If we're lucky, the U.S. auto market will post no more than a 10 percent decline this year. From the peaks we saw early in the decade, the numbers will drop to barely 15 million, according to the latest forecasts, and some pessimists still think we could plunge down to the 14 million range.
No wonder automakers from around the world, from GM to VW to Toyota and Hyundai, are eyeing China as their saving grace. The world's most populous market is also the fastest-growing new car market and, according to more than a few forecasts, could become even larger than the U.S. by around 2020.
So, the latest numbers from behind the rice curtain must be getting industry leaders a little nervous. For the first four months of 2008, Chinese car sales rose by a seemingly impressive 17.8 percent. Makers would kill for those gains in developed markets like the U.S., Europe, or Japan. But until recently, the Chinese market could routinely be counted on for gains in the high double-digit range, even triple digits. And so, April's modest 10.8 percent gain is all the more disconcerting.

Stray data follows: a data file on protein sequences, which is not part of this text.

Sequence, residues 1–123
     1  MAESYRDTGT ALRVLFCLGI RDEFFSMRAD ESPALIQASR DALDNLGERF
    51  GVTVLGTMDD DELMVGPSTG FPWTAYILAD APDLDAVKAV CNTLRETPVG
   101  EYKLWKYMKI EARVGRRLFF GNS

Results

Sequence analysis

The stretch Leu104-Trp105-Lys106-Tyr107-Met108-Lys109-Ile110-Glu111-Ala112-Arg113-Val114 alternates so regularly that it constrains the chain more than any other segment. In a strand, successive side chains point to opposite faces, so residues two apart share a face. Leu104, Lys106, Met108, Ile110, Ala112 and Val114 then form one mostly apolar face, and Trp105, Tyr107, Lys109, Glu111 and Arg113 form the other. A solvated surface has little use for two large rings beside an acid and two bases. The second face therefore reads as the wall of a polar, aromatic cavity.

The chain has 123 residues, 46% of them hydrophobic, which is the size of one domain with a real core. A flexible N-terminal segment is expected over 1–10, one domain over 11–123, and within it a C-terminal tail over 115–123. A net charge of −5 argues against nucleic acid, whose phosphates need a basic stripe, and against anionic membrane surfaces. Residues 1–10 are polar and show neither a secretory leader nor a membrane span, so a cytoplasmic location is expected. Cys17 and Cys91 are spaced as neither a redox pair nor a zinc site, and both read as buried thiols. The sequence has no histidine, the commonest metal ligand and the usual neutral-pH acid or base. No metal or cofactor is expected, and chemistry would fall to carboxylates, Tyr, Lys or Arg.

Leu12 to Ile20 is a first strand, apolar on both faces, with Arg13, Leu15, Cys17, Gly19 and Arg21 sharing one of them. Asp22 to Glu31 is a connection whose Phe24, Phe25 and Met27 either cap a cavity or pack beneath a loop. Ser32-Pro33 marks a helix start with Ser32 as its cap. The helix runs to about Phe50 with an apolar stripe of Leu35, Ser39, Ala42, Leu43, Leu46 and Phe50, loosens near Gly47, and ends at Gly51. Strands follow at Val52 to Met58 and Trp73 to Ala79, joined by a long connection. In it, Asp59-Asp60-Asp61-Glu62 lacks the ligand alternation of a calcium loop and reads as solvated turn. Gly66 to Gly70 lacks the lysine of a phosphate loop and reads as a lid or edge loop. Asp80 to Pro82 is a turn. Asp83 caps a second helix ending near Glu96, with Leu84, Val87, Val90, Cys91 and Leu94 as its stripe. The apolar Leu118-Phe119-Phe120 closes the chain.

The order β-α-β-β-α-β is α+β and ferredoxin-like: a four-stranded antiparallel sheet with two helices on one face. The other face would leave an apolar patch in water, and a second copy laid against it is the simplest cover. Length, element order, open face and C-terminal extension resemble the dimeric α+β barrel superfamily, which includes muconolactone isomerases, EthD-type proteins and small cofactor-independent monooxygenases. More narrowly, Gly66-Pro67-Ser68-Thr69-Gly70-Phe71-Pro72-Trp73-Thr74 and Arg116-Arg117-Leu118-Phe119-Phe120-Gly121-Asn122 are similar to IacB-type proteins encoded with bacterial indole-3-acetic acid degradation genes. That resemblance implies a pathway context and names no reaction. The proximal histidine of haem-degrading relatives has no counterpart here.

"Could the foretold global recession be hitting Chinese consumers, or is it just a lull before the summer driving season?" asks the China Car Times, which goes on to quote Li Chunbo, an auto analyst from Citic Securities Co Ltd.
"Slow sales growth in April is unusual," said Li, adding that, "The purchase desire could be possibly dampened because of people's lower income from the tamed stock market and real estate sector."
No one seems to anticipate a wholesale slowdown in China. There's simply too much momentum, barring a truly catastrophic problem with the country's booming economy or a sudden shortage of oil. But a continued slowdown seems increasingly likely.
Complicating matters, the Chinese market is also the world's most competitive. Virtually every Western, Japanese, and Korean nameplate is pushing to expand its presence there, as are the best of the domestic Chinese brands, like Chery and Brilliance. That's been driving down prices spectacularly, in some recent periods by as much as 25 percent a year. So it seems increasingly difficult for carmakers to count on China to make up the dollars they're losing in the U.S. and other struggling Western markets.